Goodby Butter Tarts

  • Killarney Entrance
  • 47th Anniversary Dinner
  • Clearly There Are No Fish Here
  • North Channel Passages
  • Little Current Light House
  • Gore Bay
  • Favorite Tarts

On the eastern end of the North Channel we entered the community of Killarney, Ontario and stayed at the Mountain Lodge Resort & Marina on Friday, August 5. Quite a large group of looper boats had arrived at Killarney and we had a "Docktail" gathering of about 20 people. All of the boaters ran out of boat business cards to exchange with each other and the suggestion was made that for large gatherings in the future we should all just wear name tags. It was a delightful evening exchanging travel stories (translation - oops stories).

The next day we had a short run of about 25 miles to Little Current, Ontario. It is hard to describe just how clear the water is in this part of Canada. There were several loopers that headed out to some remote island anchorages. The weather, however, turned nasty and it rained and was windy for a couple of days. We were delighted to be in a protected marina with restaurants, grocery, and liquor stores very close by.

We left Little Current on Tuesday, August 9, our wedding anniversary date, expecting to find that perfect anchorage near the Benjamin Islands. About midday the winds kicked up and the forecast changed to nasty winds all night. So instead of having a quiet peaceful anchorage where we could see stars perfectly, because there are no lights on land, and sip our traditional bottle of champagne, we changed course and went to Gore Bay  Ontario to the very well protected marina there. As it turned out we heard from some friends who were in an anchorage that night that they didn't sleep much because their anchor kept dragging due to wind gusts and they had to watch out for drifting too close to the boulders near shore.  Again, we were delighted to be tied to a dock plugged in and we slept very well.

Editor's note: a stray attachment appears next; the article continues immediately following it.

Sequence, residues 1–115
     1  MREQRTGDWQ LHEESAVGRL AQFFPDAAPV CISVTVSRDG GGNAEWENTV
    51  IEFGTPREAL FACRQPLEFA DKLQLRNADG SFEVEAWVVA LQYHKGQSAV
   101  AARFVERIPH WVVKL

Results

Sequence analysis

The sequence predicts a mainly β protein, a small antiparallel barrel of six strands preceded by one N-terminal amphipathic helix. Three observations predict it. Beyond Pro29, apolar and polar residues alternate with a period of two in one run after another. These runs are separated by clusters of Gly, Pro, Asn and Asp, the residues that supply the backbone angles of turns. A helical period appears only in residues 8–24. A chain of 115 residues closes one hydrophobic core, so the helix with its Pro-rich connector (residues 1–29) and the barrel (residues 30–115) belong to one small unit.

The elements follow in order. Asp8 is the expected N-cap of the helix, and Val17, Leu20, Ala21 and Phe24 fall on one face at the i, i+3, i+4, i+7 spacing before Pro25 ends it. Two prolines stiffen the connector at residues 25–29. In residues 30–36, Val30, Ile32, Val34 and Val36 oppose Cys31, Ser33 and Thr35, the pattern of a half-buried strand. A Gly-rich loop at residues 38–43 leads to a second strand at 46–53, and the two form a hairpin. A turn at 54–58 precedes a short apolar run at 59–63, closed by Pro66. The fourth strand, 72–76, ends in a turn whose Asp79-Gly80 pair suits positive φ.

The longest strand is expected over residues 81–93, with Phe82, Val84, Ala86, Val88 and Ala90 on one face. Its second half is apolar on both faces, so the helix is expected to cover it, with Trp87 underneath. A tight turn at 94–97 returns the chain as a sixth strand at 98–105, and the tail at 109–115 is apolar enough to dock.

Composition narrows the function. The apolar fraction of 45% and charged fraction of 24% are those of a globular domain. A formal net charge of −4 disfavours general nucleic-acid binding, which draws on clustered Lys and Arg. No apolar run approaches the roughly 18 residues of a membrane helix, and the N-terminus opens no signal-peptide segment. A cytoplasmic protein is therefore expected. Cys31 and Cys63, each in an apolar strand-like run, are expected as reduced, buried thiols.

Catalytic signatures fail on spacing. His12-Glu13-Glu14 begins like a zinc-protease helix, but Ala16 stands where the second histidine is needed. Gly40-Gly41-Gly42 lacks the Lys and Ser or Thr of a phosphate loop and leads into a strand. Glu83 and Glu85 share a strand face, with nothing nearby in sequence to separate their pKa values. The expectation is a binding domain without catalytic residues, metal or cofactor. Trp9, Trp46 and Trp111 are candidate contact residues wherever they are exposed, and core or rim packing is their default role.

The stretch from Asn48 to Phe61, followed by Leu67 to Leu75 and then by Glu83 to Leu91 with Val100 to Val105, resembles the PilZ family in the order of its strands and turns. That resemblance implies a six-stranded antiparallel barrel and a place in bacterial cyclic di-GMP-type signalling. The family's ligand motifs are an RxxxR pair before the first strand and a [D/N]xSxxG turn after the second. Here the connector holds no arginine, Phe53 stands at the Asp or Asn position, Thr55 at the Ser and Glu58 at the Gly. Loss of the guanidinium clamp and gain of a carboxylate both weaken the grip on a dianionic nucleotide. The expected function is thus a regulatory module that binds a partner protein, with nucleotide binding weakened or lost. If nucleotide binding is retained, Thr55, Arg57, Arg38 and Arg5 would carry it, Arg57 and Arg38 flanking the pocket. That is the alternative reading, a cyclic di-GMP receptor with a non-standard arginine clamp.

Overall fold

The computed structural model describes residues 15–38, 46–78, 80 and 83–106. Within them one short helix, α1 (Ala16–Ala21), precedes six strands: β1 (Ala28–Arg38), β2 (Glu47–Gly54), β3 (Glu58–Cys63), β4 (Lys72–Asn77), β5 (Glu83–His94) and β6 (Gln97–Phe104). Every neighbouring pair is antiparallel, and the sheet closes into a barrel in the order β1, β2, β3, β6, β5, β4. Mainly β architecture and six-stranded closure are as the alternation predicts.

The winds kept up for three days so we stayed in Gore Bay. There was an awesome ships store there and a nice grocery store as well. It was there that we purchased our last package of butter tarts! Conrad has developed a real fondness of having them with his morning coffee.

The whole time we were in the North channel area we had evening low temperatures of 50°. This was another factor in not getting to overnight in a remote anchorage. Generally, a boater never runs their generator at night and you wait until a respectable time to start it in the morning. Being plugged in at a marina means the heat can be on all night. Ahhh! With winds and cold air continuing we left the North Channel on Friday, August 12, vowing to come back next summer to do some of those beautiful anchorages. As we completed the 140 mile length of the North Channel, we entered US waters near DeTour Village, Michigan. Re-entry is pretty complete information online and then call in from your arrival point.

After nearly 8700 miles we experienced our first real "boat" problem as we approached the channel to enter DeTour Village from Lake Huron. One of our engines stopped and wouldn't restart. Conrad changed the fuel filter on that engine but it made no difference. So we limped into the marina on one engine which made docking more than just a bit interesting! After conferring with the service manager where we purchased WaterMarks, Conrad was able to find a loose fuel injector connection, re-prime the engine, and got it to run normally. Crisis averted.

We are back in the USA with no more need of Canadian "loonies" and "toonies", one and two dollar Canadian coins, but alas, no more butter tarts.



Submitted by Herk on
You're lucky the Service Mgr knows those engines so well! That could have been a real PITA. Regarding all night heat without a genny -- if you run your big diesels up to temp in the evening, is there a way to draw heat from them during the night?

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